It is highly interesting to possess a clear conception of Brahms’ achievements as a composer, and, therewith, of his exact title to consideration at this important moment of his career. This will be best obtained by a glance at the list[Pg 281] of the chief completed works with which he was to present himself in the city associated with the most hallowed memories of his art. His departure for Vienna is by no means to be regarded as coincident with the close of any one period of his creative activity, though it emphatically marks the end, not only of a chapter, but of the first book of his life.

List of Brahms’ Chief Completed Works on his Departure for Vienna.

Pianoforte Solos:
Three Sonatas.
Variations on Schumann’s theme in F sharp minor.
Variations on an original theme.
Variations on a Hungarian song.
Variations and Fugue on Handel’s theme.
Pianoforte Duet: Variations on a theme by Schumann.
Pianoforte with Orchestra: Concerto in D minor.

Orchestral: Two Serenades.

Chamber music:
Sextet in B flat for Strings.
Trio in B major for Pianoforte and Strings.
Quartet in G minor ” ” ” ”
Quartet in A major ” ” ” ”

Five books (thirty songs).
‘Magelone Romances’ (first six).
Vocal Duets: two books.
Three Vocal Quartets.
Women’s Chorus:
‘Ave Maria.’
Mixed Chorus:
The 13th Psalm.
Sacred Song.

The newly-finished String Quintet is not included in the list, as the work was not published in this its first form. The Hungarian Dances, as being arrangements, are also omitted.


Romantic Genius in Johannes Kreisler and Brahms

Our visit to Hamburg inspired a little extra reading — I started with a life of Johannes Brahms by one of his students, Florence May. It is a wonderful biography giving a real taste of how both the man and his music were seen in his own time (and its blinkers of course). I found this:

…his best encouragement must have been derived from his own sense of his artistic progress. This was advancing by enormous strides, the exact measure of which is furnished by the manuscript of the Sonata in F sharp minor now in the possession of Hofcapellmeister Albert Dietrich. It bears the signature ‘Kreisler jun.,’ a pseudonym adopted by Brahms out of love for the capellmeister Johannes Kreisler, hero of one of Hoffmann’s tales, and the date November, 1852.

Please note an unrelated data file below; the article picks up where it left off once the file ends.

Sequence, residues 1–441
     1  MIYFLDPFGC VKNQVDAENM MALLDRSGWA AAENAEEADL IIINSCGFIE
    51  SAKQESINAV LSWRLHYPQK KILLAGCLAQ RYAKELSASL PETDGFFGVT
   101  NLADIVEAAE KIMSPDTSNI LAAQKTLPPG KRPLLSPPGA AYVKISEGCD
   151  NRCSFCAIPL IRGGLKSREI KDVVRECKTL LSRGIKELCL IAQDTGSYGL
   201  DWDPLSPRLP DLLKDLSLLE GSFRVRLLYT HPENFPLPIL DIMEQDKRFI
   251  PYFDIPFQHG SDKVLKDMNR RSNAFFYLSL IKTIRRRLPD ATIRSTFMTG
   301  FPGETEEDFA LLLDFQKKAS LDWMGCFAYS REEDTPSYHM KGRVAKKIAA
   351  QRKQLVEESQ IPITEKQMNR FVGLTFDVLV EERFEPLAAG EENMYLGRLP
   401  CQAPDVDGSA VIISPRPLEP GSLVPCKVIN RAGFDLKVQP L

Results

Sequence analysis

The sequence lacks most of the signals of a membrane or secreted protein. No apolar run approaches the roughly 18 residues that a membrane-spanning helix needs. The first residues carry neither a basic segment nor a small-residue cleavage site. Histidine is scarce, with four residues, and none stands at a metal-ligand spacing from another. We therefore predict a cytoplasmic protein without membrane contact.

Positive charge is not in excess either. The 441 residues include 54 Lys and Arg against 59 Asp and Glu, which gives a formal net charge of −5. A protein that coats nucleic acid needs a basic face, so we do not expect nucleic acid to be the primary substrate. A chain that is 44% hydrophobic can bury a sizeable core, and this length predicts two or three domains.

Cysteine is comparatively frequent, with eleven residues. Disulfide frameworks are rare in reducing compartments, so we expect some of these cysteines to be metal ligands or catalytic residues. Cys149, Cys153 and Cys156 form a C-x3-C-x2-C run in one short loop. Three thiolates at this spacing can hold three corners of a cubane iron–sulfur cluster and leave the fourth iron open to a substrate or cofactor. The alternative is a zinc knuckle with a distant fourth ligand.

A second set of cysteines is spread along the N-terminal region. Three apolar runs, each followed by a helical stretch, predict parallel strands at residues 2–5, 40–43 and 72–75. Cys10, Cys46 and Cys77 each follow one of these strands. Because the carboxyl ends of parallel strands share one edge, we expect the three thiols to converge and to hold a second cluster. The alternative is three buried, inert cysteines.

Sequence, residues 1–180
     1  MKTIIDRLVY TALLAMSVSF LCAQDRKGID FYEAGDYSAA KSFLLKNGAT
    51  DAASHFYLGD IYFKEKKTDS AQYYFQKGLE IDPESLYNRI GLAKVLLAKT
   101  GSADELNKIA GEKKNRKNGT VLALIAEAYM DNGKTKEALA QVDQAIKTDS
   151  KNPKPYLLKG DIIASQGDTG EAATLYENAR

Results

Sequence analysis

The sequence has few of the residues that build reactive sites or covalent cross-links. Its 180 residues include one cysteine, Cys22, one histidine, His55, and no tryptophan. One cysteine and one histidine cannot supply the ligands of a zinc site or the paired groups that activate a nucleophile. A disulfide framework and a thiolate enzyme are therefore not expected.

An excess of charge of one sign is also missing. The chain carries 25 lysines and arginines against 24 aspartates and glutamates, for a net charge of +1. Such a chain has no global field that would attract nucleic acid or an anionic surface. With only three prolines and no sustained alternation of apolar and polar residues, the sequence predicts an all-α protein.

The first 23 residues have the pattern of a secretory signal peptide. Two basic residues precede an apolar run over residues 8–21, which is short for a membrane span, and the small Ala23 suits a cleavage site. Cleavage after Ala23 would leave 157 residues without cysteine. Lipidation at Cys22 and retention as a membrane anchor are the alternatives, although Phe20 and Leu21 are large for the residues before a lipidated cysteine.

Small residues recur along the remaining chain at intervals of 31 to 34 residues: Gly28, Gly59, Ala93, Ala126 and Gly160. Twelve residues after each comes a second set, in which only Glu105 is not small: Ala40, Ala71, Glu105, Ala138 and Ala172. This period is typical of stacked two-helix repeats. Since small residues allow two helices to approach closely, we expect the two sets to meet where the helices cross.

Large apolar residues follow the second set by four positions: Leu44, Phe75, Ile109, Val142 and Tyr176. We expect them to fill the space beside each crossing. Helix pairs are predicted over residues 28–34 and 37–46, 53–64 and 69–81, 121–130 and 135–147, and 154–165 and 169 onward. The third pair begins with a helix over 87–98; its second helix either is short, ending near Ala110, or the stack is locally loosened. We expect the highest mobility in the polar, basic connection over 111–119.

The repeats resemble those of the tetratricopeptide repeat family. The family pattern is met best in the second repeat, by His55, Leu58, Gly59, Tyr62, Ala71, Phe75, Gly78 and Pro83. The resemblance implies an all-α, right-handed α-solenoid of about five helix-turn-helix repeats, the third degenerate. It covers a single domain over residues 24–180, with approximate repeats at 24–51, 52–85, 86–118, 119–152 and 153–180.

Hoffmann's Life and Opinions of Tomcat MurrE.T.A. Hoffman wrote three novels about the musician and Kapellmeister Kreisler: Kreisleriana (1813), Johannes Kreisler, des Kapellmeisters Musikalische Leiden (1815), and The Life and Opinions of the Tomcat Murr together with a fragmentary Biography of Kapellmeister Johannes Kreisler on Random Sheets of Waste Paper (1822).

Looking for more information I found that Schumann had actually written a piece he called Kreisleriana for piano, op. 16 (1838), and that Brahms had more than once used Johannes Kreisler as a pseudonym. It is also Schumann who really launched Brahms’ career, and rather fascinating that they shared a love for this fantastical figure in common. So after finishing the biography I read The Life and Opinions of the Tomcat Murr, with much enjoyment. I thought I might write about them in reverse order really, because the romantic vision of what a musician should be is so interesting, and plays such a role in the Brahms saw himself, as well as in the way he was received in a rather horribly snobbish society despite his origins.

Helene von Vesque, after meeting Brahms for the first time during his introduction to society, would write:

We had plenty of points in common: Joachim, the Wehners, our mutual favourite poets, Jean Paul and Eichendorf, and his, Hoffmann and Schiller…. He vehemently urged me to read “Kabale and Liebe” and the “Serapionsbrüder,” but above all Hoffmann’s musical novels, of which he spoke with real enthusiasm. “I spend all my money on books; books are my greatest pleasure. I have read as much as I possibly could since I was quite little, and have made my way without guidance from the worst to the best.”

Perhaps I so loved the biography because I quite loved Brahms himself. But on to some of Hoffman’s establishment of Johannes Kreisler as the romantic ideal: